If I wasn’t a sucker for fuzzed out sonic bliss – and bands, songs and albums that are driven more by passion than musical ability – I wouldn’t have agreed (read: jumped at!) the chance to take over writing “Lo-Fi Mojo” from the estimable Mojo Flucke. As fellow aficionados of classic garage rock and its myriad offshoots, the good doctor and I have long traded lo-fi nuggets anyway (pun intended, natch), so I was a natural to step into his outsized shoes. Don’t worry, Mojo fans…he’ll continue penning Mojo’s Cold Shot and other features.

I’m also going to use the opportunity to expand the definition of “lo-fi” to whatever suits me, of course. Which leads me to the subject of this edition of Lo-Fi Mojo.

For most people even aware of the group, Clinic was over and done with either after they toured with Radiohead in 2001, or after receiving a Grammy nomination for their second album, 2002’s Walking With Thee. To a certain extent, I understand the post-hype abatement of the critical tongue-wagging – their low-key, garage-punky sound hasn’t changed much since then, and yes, they’re still wearing those damn surgical masks. Not much new fodder for the near constant noise culture of a million bloggers blogging about the new next big thing. I get it.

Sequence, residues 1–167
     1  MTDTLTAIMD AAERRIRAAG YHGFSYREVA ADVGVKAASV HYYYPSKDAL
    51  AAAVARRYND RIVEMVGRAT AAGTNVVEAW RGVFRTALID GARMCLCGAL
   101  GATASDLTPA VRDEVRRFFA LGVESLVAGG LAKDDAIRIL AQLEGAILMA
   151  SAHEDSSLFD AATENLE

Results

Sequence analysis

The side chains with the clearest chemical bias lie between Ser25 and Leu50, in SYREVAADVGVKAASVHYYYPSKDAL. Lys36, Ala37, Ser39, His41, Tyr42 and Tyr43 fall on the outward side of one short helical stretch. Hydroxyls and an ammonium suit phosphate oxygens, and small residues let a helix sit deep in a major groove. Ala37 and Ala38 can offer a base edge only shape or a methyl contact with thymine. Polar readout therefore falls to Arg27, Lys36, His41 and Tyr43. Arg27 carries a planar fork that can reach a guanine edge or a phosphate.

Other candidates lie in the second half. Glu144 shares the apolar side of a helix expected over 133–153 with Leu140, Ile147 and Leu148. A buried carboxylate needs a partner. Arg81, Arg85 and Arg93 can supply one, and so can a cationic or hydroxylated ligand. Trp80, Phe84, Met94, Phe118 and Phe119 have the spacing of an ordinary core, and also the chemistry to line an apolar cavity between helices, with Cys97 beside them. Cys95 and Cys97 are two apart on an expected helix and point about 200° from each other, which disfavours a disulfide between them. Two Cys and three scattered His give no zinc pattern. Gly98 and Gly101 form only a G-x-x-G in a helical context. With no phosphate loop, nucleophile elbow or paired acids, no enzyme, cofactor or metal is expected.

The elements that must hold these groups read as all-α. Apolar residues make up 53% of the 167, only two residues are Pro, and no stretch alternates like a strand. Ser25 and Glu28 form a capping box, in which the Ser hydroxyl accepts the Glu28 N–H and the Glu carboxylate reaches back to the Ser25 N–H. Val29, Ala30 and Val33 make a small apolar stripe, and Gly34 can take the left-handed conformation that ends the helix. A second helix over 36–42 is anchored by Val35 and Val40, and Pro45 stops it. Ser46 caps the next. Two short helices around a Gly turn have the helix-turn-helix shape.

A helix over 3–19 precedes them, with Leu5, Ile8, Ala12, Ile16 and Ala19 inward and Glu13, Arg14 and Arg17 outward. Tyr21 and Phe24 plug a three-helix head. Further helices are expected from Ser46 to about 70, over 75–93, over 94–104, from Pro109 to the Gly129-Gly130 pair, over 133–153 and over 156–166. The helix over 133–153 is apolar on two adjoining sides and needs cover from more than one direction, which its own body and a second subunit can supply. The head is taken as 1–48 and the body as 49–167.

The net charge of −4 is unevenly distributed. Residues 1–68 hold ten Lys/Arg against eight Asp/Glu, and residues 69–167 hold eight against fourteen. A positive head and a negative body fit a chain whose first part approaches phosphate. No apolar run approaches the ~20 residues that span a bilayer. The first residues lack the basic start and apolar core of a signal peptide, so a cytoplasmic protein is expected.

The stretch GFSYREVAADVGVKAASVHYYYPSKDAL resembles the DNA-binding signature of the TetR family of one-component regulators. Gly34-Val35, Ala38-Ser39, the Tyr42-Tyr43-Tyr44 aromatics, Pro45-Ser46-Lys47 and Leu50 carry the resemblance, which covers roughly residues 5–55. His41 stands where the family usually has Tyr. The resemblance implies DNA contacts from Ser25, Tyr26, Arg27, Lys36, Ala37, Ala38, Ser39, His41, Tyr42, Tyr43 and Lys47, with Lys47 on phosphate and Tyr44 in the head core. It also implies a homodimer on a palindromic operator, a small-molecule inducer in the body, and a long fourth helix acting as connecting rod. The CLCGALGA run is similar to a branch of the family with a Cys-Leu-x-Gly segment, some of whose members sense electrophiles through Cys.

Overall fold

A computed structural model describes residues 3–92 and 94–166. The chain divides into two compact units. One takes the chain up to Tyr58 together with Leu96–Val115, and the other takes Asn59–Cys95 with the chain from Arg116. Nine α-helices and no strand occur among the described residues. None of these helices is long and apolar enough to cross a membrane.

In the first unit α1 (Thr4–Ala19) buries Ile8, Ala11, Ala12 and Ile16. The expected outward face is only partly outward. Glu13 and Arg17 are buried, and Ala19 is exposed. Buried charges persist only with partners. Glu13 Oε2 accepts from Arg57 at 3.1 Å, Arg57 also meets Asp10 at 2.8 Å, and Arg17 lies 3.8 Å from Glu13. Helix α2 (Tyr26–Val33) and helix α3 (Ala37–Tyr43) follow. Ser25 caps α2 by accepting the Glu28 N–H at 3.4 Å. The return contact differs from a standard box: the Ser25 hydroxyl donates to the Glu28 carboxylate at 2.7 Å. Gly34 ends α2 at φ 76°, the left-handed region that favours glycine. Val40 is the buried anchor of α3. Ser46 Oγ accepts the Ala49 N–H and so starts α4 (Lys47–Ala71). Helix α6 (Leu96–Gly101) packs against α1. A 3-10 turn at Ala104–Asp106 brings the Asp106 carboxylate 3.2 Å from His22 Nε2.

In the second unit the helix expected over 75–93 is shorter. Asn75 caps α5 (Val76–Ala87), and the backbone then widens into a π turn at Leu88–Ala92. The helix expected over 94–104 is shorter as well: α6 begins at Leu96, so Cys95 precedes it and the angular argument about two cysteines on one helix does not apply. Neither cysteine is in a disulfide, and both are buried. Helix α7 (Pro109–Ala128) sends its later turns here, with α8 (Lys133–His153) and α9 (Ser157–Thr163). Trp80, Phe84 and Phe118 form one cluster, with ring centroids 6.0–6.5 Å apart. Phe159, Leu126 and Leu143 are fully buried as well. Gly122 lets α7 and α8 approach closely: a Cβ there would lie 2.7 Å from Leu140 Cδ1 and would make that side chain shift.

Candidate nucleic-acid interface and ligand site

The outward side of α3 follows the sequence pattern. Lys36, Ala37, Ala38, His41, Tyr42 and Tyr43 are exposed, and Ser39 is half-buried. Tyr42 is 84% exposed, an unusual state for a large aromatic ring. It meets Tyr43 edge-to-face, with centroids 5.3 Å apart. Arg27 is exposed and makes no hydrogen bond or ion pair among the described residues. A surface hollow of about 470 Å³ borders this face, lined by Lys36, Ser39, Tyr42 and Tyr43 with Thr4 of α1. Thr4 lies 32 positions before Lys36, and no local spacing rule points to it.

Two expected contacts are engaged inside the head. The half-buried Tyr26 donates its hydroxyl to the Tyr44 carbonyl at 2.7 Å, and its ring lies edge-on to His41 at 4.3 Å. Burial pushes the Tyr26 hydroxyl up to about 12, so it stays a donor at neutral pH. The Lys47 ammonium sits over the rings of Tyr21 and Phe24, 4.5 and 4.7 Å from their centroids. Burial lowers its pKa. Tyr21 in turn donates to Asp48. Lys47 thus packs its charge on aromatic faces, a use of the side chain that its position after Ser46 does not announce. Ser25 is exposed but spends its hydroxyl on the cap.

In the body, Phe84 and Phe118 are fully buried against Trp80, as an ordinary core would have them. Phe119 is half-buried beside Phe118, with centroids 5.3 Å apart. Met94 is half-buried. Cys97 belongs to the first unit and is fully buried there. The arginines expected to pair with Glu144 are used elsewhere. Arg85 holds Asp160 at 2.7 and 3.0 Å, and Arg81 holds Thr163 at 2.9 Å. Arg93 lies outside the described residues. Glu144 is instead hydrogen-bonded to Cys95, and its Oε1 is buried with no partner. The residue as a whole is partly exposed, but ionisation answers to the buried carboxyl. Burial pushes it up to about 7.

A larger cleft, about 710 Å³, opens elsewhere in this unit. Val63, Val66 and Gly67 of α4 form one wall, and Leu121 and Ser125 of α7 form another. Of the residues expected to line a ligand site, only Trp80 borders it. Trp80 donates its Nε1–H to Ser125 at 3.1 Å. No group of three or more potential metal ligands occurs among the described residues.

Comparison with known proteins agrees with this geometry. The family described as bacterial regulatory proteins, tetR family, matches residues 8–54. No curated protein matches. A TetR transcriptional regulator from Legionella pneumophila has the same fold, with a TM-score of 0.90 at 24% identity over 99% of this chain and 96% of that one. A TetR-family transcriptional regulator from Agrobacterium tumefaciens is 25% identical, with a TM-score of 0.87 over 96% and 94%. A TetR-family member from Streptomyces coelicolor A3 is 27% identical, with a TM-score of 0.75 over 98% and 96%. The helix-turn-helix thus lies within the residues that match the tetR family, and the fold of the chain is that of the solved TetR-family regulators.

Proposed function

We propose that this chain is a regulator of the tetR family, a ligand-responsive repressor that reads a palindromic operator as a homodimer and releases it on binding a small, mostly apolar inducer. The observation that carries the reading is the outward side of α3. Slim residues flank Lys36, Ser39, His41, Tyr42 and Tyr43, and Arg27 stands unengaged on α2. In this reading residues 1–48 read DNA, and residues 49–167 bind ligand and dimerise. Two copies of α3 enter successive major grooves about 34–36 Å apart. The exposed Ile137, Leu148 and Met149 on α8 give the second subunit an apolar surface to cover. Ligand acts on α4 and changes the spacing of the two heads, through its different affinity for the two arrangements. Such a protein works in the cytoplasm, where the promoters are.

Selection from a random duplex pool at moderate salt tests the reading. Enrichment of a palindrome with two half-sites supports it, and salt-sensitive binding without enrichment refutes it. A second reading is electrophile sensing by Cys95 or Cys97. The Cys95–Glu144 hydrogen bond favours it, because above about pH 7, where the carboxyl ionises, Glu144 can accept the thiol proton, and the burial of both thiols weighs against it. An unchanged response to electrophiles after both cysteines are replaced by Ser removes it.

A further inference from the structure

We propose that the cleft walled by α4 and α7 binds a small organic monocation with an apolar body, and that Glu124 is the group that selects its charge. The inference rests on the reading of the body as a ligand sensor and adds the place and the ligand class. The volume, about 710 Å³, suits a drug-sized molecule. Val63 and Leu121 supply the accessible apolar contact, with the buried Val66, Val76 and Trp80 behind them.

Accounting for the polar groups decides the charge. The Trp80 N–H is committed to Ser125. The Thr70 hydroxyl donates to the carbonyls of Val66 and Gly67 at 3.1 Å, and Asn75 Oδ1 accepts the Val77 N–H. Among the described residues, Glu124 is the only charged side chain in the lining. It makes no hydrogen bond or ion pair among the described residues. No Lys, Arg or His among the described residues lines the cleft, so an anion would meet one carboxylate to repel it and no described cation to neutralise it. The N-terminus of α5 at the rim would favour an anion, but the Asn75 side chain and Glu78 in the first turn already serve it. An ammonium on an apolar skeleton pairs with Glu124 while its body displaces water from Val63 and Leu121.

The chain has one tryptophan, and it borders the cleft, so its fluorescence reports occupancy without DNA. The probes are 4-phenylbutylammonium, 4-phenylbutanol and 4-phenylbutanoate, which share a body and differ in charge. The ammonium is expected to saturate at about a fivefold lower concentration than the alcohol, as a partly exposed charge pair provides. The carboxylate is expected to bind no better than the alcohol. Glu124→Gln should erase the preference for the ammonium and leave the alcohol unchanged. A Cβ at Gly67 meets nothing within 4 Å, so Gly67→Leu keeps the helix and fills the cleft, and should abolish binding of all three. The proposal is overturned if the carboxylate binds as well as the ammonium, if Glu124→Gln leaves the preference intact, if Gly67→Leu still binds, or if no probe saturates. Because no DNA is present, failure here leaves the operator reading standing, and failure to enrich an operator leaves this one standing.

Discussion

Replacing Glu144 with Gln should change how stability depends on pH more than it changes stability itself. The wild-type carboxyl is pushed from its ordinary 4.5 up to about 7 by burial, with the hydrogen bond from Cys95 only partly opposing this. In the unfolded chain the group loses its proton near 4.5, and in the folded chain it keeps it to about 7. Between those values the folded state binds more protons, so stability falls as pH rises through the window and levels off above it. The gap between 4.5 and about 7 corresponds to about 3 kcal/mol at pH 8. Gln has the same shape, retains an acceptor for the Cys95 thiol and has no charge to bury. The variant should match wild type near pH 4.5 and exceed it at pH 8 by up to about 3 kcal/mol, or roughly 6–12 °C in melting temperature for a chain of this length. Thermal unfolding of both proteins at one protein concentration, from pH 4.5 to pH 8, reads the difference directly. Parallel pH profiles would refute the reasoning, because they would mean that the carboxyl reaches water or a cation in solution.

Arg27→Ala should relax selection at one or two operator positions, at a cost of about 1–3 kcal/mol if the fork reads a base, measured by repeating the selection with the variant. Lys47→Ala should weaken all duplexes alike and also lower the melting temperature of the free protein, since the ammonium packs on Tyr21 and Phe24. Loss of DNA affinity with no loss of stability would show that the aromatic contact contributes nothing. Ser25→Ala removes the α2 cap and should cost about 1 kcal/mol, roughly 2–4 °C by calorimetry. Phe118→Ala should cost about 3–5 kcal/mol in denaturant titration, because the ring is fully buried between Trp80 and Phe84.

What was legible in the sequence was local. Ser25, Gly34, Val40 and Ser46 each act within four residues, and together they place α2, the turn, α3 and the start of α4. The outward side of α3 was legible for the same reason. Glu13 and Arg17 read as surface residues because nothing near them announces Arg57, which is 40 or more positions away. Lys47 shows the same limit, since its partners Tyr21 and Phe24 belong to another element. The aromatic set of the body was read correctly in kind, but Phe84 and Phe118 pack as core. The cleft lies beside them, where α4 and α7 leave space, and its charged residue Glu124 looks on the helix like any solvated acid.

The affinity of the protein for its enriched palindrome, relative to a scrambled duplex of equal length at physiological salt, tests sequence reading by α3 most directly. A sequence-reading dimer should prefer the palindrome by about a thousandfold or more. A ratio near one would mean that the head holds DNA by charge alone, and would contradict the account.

I guess I’m a little less inclined to give up so quickly on bands, sounds or styles that mean something to me. Clinic has always surprised me with the eclecticism of their supposedly one-dimensional approach. I’m also continually surprised at how I can continue to find new layers of sonic meaning in songs that sound so basic. Case in point, the latest single from Clinic’s 2008 album Do It!, “Tomorrow.” A basic, almost bluesy acoustic guitar riff with a meter that’s hard to pin down leads into a simple arrangement of kick drum, harmonica (or melodica? some kind of keyboard sound?), a oddly-tuned electric guitar for counterpoint, and Ade Blackburn’s uniquely identifiable slushy vocals. It’s not much…but like the best of Clinic’s understated and raw music, it’s enchanting in a way that’s hard to put your finger on.

And if you need your sonic fuzz more updated than that, there’s always “Tomorrow (DFA Remix),” which isn’t exactly lo-fi (for my tastes at least), but hey, the kids seem to dig it. It also shows how, in the right hands, a seemingly rudimentary foundation can be expanded upon ad infintium.